This is a blog to discuss philosophy, chess, politics,
C. S. Lewis, or whatever it is that I'm in the mood to discuss.
Friday, October 09, 2015
Why aiming to marginalize is a self-defeating enterprise
One question that interests me is the question is whether debate of any kind can do anything to marginalize an opposing viewpoint, or whether there is a way of conducting discussion with the intent to marginalize, or whether all you can do in arguing against a position is to show that it is mistaken.
I am inclined to think the latter. If you are going to discuss something, you are required to be as fair and as respectful as you can be, as is required by the Principle of Charity.
I am familiar with Wolfgang Pauli's expression "not even wrong," but I think all that debate can do is establish wrongness. Now you might do so well in criticizing something that no one will ever again want to defend the opposing view, but there is nothing you can do to aim for that result. You just have to argue that you are right, and argue well.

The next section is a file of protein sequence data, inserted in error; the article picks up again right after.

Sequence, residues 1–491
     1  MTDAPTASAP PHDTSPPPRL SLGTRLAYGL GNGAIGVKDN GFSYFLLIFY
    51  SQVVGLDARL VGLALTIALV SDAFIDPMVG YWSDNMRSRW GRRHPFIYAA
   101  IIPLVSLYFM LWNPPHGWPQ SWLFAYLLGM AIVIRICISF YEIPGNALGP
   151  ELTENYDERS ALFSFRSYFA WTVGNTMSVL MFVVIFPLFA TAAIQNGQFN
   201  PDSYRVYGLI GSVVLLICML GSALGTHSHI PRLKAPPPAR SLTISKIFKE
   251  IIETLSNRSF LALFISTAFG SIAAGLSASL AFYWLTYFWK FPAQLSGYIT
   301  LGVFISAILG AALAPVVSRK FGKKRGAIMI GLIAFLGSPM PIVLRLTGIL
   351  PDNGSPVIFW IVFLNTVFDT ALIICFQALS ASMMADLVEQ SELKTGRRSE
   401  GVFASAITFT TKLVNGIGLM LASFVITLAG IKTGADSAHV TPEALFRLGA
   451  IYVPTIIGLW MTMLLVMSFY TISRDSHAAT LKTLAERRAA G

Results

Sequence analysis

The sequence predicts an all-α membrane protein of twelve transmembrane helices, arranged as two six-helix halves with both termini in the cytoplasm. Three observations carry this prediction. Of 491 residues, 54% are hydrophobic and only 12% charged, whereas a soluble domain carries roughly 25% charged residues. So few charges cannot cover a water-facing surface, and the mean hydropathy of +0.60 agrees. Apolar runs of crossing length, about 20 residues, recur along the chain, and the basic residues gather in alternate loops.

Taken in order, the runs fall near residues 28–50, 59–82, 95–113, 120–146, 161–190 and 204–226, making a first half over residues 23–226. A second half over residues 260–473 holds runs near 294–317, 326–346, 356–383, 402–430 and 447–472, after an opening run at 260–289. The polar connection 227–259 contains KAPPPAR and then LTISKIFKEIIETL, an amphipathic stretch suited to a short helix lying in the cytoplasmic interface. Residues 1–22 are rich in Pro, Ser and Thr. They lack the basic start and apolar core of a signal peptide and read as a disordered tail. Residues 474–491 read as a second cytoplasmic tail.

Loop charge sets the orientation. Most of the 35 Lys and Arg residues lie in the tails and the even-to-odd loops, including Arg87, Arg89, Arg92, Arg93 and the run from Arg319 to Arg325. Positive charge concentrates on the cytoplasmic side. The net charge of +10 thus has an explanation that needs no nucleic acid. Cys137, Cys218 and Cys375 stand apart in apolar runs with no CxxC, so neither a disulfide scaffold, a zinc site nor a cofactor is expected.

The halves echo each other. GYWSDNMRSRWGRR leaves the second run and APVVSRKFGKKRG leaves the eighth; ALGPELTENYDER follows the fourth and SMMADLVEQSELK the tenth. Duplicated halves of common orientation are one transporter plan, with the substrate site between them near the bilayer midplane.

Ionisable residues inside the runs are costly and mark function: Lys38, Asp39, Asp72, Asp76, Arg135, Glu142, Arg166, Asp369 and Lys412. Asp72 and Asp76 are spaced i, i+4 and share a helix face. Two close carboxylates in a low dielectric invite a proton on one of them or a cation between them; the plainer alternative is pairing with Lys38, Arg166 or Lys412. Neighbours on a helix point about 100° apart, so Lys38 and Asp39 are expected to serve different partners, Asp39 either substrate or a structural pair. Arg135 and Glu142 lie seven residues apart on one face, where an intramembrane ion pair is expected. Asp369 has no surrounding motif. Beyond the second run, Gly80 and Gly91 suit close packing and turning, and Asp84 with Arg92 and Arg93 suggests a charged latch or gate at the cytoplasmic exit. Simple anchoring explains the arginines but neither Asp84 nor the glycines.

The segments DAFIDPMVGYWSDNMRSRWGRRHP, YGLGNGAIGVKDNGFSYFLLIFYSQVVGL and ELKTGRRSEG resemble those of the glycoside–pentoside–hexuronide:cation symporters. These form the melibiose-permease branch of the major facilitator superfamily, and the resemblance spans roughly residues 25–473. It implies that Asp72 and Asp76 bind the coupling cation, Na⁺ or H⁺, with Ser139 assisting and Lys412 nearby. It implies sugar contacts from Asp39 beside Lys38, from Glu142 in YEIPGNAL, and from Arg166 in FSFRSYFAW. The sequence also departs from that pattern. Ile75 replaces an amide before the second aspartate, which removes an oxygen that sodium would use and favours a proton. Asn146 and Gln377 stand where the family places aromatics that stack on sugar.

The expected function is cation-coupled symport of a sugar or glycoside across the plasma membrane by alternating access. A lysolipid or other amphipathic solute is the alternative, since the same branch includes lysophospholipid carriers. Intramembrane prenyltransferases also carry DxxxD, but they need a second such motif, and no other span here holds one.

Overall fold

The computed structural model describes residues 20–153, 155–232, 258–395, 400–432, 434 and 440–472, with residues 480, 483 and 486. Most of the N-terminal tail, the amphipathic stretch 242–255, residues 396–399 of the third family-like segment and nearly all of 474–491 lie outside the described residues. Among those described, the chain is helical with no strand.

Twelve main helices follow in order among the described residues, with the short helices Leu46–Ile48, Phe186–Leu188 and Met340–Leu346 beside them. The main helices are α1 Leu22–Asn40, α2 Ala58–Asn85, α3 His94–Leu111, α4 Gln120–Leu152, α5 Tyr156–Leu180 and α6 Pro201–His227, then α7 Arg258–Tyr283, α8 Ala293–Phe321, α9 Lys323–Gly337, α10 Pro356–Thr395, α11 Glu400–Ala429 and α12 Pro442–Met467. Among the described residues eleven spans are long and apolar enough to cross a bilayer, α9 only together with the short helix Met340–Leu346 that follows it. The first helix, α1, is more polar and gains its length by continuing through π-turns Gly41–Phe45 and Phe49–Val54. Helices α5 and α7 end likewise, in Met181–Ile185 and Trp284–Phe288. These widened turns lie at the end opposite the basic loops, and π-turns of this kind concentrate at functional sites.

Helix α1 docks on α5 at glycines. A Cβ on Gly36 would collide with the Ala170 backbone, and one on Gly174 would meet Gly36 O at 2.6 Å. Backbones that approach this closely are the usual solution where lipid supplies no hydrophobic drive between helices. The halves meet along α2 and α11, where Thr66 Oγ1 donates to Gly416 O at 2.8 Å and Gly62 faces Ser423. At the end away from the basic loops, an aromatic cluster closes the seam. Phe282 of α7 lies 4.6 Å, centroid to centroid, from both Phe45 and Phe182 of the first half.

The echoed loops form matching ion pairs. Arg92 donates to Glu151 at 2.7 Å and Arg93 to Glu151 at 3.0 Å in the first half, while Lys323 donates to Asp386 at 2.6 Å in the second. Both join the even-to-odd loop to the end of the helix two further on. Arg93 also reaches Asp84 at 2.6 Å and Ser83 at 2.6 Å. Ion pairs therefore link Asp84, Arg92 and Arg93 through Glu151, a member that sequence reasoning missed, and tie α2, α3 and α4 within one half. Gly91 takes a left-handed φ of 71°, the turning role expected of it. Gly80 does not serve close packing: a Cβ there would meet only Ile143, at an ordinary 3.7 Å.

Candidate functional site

That is what critiquing an opposing view involves. You have to work hard to understand your opponents. You will perhaps preach well to the choir, but your opponents will have every right to accuse you of the straw man fallacy. People who are informed about what they believe will look for misrepresentations in the work of people who are trying to ridicule them. And in my experience, they will typically find it.
For people who want to abolish philosophy of religion, for example, I am inclined to use a version of the pro-choice slogan: "If you don't believe in abortion, don't get one." If you can't find in yourself enough intellectual sympathy with an opposing viewpoint to deal with it fairly, you are probably better off leaving criticism of that viewpoint to others. Nothing requires you, as a theist or an atheist, to write argue for what you believe.
The predominance of religious believers in philosophy of religion, to me, has a pedestrian explanation, believers are articulating what they do believe, so they are more likely to do philosophy of religion. They think that religion holds the right answer to the basic questions of life. Atheists think that religious answers are the wrong answer, which means the right answer lies elsewhere. People may be concerned about answers they think wrong, but most people don't find it very exciting to devote themselves to wrong answers. They want to spell out the right answers.
It's not niceness, so if people ask "Why do we have to be so nice" they are missing the point. The issue is just doing the job of criticizing effectively. If you don't think you have to try to be fair, you probably won't do a good job.